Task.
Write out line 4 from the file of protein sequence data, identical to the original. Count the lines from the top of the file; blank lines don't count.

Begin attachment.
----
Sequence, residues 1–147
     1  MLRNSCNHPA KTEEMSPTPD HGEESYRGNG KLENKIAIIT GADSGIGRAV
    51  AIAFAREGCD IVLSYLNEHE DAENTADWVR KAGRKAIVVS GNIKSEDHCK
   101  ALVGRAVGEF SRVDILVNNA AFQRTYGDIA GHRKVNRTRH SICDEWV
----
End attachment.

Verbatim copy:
   101  ALVGRAVGEF SRVDILVNNA AFQRTYGDIA GHRKVNRTRH SICDEWV